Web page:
Retinoids are a class of compounds consisting of natural and synthetic substancesstructurally related to vitamin A. Vitamin A, or retinol, is essential forgeneral growth, differentiation of epithelial tissues, visual function, and reproduction.

Dietary Role of Vitamin E

Author(s): J.G. Bieri

It has been more than 60 years since vitamin E was discovered, yet, there isstill uncertainty among scientists and certainly among the public as to preciselywhat its biochemical functions are and what the health benefits of the vitamin maybe.

Dietary Phosphatidylcholine as A Precursor of Brain Acetylcholine

Author(s): J. Mauron, P. Leathwood

Degeneration of cholinergic neurons and decreases in cholinergic function occurin several clinical syndromes. In tardive dyskinesia, senile dementia of the Alzheimertype (SDAT), Huntington's disease, myasthenia gravis, and even in thenormal process of growing old, more or less specific cholinergic deficits have beendescribed (1-4).

Lipids in Clinical Nutrition

Author(s): Y.A. Carpentier, N. Thonnart

Enteral nutrition consists of infusing a nutritive mixture in the gastrointestinaltract (usually in the stomach or in the jejunum). Parenteral nutrition consists ofthe direct administration of nutritive solutions in the blood stream, generally aftercatheterization of a central vein.

Essential Fatty Acids and Nutritional Disorders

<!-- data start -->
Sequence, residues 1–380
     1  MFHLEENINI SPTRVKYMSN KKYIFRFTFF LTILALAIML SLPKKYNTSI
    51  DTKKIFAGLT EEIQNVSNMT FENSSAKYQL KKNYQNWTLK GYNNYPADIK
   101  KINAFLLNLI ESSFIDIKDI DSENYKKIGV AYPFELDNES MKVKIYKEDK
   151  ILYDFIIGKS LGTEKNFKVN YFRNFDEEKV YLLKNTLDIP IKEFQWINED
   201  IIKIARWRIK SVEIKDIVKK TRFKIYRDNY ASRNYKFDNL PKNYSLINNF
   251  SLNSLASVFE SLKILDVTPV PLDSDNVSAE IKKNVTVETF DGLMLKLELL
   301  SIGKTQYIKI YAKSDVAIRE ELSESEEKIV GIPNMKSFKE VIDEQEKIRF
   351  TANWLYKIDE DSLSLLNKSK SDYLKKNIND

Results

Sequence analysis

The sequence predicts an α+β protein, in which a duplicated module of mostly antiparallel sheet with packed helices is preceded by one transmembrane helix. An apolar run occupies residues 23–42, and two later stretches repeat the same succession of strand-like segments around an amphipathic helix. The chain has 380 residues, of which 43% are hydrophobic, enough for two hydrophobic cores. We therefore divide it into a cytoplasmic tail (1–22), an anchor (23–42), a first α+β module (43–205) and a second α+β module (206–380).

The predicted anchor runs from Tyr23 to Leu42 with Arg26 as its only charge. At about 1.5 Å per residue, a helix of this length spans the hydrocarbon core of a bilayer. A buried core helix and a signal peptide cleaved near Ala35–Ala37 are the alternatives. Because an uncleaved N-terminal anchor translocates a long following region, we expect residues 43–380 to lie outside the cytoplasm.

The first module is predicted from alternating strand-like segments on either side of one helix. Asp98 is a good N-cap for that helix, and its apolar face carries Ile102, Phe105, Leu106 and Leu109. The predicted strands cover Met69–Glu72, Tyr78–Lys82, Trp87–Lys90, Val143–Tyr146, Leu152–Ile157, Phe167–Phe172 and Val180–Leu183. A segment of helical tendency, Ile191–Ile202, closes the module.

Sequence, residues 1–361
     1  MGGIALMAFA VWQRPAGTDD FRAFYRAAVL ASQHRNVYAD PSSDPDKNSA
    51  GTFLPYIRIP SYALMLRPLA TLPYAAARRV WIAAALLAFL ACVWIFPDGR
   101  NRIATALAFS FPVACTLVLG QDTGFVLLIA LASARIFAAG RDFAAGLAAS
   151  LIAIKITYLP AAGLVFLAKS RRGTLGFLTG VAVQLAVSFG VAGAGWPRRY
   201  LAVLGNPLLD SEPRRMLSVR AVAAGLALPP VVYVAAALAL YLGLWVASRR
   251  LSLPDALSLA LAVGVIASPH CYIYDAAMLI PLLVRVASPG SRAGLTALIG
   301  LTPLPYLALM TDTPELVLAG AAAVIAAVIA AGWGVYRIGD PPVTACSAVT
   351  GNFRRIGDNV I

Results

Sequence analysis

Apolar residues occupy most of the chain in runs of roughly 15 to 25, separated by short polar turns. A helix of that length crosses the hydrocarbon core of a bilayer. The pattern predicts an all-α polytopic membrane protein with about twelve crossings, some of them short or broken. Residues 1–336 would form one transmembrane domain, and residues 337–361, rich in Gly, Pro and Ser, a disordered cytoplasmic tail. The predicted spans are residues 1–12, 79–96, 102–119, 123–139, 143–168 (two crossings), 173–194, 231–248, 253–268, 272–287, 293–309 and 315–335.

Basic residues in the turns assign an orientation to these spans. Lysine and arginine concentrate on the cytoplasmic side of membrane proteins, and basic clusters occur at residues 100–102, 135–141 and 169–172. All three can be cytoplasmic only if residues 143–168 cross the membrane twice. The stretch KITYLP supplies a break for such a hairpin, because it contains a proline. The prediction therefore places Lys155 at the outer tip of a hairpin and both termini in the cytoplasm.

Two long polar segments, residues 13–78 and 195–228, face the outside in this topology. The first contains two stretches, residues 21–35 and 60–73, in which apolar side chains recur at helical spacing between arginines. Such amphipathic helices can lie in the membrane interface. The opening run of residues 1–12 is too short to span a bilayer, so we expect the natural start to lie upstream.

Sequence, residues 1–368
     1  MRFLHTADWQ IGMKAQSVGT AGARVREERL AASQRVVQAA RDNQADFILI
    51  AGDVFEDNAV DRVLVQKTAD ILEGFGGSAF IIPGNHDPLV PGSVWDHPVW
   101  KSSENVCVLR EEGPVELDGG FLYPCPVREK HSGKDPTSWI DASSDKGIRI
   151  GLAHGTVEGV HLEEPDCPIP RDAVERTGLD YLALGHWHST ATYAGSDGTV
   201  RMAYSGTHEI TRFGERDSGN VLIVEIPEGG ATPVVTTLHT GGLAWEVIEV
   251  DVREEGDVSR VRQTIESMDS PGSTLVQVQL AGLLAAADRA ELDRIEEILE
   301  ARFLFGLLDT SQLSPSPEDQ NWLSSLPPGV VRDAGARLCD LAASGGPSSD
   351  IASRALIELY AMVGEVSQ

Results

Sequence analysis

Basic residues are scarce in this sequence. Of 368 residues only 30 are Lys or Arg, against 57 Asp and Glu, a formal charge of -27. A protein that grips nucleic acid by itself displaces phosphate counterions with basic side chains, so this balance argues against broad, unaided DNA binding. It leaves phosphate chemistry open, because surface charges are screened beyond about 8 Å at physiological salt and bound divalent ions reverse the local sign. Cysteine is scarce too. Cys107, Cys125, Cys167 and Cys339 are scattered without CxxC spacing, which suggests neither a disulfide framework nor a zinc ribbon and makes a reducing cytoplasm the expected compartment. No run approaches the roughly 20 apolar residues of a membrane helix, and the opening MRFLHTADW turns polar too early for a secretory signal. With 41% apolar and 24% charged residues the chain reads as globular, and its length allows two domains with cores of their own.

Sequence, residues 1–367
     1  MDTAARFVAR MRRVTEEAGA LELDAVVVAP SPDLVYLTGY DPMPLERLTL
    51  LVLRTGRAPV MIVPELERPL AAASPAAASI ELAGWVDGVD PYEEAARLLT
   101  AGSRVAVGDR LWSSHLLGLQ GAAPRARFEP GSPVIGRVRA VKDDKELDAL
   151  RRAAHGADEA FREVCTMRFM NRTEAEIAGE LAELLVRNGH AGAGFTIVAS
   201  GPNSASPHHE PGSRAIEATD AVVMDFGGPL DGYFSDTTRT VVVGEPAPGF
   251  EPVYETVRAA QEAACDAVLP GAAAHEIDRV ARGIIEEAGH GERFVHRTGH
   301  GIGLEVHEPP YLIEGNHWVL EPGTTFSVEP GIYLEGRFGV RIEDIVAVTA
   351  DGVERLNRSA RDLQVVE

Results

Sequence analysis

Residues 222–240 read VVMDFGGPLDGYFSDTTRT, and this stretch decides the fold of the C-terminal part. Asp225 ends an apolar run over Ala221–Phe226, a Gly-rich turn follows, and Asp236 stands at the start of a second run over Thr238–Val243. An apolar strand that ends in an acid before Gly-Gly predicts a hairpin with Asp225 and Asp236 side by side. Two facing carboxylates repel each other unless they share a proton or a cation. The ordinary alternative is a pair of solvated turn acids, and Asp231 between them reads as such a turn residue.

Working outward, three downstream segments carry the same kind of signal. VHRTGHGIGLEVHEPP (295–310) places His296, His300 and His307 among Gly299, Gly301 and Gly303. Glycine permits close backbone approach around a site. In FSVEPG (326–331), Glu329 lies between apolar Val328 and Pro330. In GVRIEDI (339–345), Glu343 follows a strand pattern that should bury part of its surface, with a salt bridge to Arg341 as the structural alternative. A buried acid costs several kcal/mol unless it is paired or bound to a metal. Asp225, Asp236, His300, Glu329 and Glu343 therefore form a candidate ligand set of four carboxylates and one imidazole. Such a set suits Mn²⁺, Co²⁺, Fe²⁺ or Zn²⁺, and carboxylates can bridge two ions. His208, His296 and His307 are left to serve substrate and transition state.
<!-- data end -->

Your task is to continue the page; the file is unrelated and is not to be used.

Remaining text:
Author(s): R.T. Holman

The polyunsaturated fatty acids (PUFA) of animal and human tissues consist ofthree families, derived from linoleic, linolenic, or oleic acids. In each family, themetabolism proceeds via steps of 6-desaturation, elongation to C20, 5-desaturation,elongation to C22, and 4-desaturation.

Diet, Risk Factors, and Cardiovascular Diseases

Author(s): N.G. Khaltaev

Cardiovascular diseases (CVD) are ranking first as cause of death in the industrializedcountries. The prevalence of CVD and, more specifically, of coronaryheart disease (CHD) is on the rise in the developing countries as well.

Role Of Fats in Obesity and Type II Diabetes Mellitus

Author(s): E. Jéquier, J-P. Felber

Obesity is often associated with increased plasma concentration of free fattyacids (FFA) (1) and insulin (2) as well as a decreased glucose tolerance (3). Theelevated plasma insulin concentration in the obese patients induces a reduced rateof FFA production per kilogram of adipose tissue when compared to the nonobesesubjects.

Nutritional Aspects of Isomeric Fats

Author(s): F.A. Kummerow

Dietary fats have commonly been evaluated in terms of calorie sources, essentialfatty acid sources, and their effect on serum lipid levels. High serum lipid levelsare usually considered a primary risk factor in the development of atherosclerosisin the coronary arteries (1-3).

Nutritional Aspects of Oxidized Lipids and their Interaction with Other Dietary Components

Author(s): R.F. Hurrell, H.K. Nielsen

Lipid oxidation reactions in foods occur mainly during storage of dehydratedproducts containing unsaturated fatty acids. These include cereal products (1), potatoproducts (2,3), milk products (4), and meat (5), poultry (6), and fish products(7). They also occur in fats used for frying (8).